Many local leaders say they have no idea what Kentucky Governor Matt Bevin is planning to announce next week when he pitches a plan to turn the tide on a rising murder rate. The Governor, on Facebook, promised that a plan is coming.
LOUISVILLE, Ky. (WHAS11) — Many local leaders say they have no idea what Kentucky Governor Matt Bevin is planning to announce next week when he pitches a plan to turn the tide on a rising murder rate.
Monday, on Facebook, the Governor promised of a plan is coming and he’ll announce details next week. So far, the details are not being shared with those you’d think he’d typically involve in the process.
We’ve reached out to approximately two dozen local religious, community and political leaders to see what role they may play, none have yet heard from Governor Bevin.
Pastor Jerry Stephenson has campaigned for the Governor and testified for Mr. Bevin’s school choice legislation but he’s not worried that the Governor has yet to contact him.
“The last thing that he wants to do is come out here with a great big old plan… then not have a way to implement it”, said the Pastor of Midwest Church of Christ. “I think he ought to hold it close to his shoulders for a little bit until he has a plan he can talk to us about.”
Grateful that Governor Bevin is getting involved, Pastor Stephenson has faith and a plan of his own to beautify neighborhoods and increase engagement which he hopes to bring to his Kentucky Pastors in Action Coalition next week.
UofL Professor Doctor Ricky Jones is more hesitant to believe that the Governor is on to something.
“I don’t have great faith that he has something of any substance to offer, but I pray that I’m wrong,” said Dr. Jones. “And if he does have something of substance to offer, of course, I would help him or anybody else who can help to change the course that we’re on, most definitely. I think any reasonable person would.”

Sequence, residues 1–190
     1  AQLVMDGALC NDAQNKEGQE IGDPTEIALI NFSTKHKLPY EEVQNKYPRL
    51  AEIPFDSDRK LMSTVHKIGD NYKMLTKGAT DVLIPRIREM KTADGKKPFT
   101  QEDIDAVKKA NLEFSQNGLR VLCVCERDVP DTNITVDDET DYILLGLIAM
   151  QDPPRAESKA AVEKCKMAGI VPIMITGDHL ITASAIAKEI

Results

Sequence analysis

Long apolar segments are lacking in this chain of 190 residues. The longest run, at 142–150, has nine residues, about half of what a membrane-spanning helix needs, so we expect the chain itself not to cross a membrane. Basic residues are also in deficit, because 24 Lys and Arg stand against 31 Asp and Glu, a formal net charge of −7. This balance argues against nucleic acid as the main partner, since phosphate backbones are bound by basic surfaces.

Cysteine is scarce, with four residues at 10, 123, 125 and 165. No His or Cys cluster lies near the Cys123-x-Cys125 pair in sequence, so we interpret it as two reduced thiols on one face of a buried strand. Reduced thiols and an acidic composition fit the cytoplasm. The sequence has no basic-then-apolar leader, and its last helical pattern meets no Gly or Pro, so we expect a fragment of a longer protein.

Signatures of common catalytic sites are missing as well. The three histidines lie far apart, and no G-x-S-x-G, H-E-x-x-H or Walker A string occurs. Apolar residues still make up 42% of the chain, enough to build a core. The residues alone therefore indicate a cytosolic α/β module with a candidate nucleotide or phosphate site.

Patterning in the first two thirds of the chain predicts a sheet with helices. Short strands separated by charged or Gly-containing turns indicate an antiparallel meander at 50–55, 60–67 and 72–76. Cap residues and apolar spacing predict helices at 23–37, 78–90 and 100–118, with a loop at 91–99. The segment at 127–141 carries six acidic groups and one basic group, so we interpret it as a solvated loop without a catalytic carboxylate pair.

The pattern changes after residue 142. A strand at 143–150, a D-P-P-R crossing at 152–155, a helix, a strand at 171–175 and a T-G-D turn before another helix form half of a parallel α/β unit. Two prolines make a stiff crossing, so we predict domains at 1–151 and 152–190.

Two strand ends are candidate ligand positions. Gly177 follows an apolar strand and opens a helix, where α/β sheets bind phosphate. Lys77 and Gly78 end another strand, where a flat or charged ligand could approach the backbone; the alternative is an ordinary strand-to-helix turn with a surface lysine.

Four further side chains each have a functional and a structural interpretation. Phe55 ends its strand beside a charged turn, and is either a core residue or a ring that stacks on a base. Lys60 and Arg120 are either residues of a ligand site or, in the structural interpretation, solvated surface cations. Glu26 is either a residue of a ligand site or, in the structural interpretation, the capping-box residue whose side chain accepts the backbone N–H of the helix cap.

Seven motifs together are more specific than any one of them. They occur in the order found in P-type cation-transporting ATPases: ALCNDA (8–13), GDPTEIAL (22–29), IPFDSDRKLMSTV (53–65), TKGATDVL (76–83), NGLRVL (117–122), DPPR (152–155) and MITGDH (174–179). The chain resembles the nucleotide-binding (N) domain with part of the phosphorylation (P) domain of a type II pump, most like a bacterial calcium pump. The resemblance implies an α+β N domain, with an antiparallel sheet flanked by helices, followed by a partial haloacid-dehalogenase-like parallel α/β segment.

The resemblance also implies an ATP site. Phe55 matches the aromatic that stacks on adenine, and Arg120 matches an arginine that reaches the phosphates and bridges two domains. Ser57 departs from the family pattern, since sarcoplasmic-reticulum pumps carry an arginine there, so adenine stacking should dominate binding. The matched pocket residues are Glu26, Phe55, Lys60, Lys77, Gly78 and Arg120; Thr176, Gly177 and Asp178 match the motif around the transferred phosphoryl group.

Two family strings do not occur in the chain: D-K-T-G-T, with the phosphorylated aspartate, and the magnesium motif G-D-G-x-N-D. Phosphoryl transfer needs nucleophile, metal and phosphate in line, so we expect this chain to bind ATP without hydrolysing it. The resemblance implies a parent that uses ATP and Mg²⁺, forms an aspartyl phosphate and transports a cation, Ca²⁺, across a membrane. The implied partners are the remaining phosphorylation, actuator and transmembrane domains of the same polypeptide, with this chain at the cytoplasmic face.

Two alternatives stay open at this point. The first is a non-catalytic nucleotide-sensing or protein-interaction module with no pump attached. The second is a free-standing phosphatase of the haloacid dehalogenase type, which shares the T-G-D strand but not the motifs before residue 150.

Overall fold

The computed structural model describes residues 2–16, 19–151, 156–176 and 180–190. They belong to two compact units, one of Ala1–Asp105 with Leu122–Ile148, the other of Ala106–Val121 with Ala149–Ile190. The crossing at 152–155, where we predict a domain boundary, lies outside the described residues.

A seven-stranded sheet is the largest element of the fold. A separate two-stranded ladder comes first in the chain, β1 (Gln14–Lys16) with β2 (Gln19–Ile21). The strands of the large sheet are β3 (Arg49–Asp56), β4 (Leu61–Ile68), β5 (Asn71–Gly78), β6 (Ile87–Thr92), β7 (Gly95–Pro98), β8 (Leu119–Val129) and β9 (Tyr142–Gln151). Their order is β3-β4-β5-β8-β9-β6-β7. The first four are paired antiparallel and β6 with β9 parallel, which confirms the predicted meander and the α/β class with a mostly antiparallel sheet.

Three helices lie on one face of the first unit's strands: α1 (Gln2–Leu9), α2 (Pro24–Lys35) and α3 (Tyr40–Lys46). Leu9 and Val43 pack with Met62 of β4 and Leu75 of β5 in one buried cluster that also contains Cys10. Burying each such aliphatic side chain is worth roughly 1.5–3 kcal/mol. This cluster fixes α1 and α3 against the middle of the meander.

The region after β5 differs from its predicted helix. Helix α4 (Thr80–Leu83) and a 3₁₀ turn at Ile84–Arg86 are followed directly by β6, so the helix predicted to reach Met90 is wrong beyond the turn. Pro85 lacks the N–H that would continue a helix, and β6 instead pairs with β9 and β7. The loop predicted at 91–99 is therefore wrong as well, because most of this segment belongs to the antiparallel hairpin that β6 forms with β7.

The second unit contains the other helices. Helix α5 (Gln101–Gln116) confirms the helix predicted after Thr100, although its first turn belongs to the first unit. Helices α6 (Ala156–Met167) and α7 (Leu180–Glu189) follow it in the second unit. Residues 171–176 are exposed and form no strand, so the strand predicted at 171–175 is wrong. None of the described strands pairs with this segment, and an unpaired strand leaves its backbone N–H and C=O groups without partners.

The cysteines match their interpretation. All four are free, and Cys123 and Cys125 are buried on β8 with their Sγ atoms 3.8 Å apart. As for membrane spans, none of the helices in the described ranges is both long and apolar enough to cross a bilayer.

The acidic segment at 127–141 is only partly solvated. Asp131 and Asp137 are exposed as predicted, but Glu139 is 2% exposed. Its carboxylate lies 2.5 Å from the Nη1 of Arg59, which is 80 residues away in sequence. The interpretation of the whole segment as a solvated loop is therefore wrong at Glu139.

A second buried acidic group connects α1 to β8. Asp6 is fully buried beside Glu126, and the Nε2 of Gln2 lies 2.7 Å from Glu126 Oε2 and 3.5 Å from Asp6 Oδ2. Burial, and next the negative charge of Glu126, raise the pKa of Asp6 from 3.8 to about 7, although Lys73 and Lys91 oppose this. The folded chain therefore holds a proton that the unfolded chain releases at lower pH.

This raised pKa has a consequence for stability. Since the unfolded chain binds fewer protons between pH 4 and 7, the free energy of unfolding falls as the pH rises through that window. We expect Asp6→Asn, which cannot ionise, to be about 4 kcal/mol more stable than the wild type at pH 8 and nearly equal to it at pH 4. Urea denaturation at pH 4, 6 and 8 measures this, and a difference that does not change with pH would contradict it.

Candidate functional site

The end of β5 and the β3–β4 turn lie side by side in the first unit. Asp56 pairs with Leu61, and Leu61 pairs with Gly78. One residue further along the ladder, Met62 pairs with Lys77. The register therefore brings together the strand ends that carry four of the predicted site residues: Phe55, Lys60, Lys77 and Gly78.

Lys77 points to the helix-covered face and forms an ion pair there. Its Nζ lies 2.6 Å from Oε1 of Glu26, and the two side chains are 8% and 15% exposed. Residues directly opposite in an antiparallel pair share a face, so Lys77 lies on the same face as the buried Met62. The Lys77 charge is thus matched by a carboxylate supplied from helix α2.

Both men have great differences in their political ideologies but agree on two things; the violence in Louisville is out of control and one answer will not likely solve the problem.
“It takes prayer and action,” insisted Pastor Stephenson. “We’ve got a lot of praying going on, it’s time to get some action from the faith community.”
“I don’t think that anybody knows all of the answers, one. I don’t think there is a short-term answer,” Dr. Jones insisted. “This is a long-term, complex problem that we’re trying to deal with in an ADD society that always seeks quick fixes. We need education overhaul, we need political and financial reinvestment, we need more cultural understanding, we need a level of truth that folks are not used to in American institutions or individually right now.”
He added, “There are a whole host of things that we have to do that I think are generational, they’re not something that’s going to change next week”.
While we await details from the Governor, the question on the minds of many tonight is will we, next week, be a step closer to a solution?
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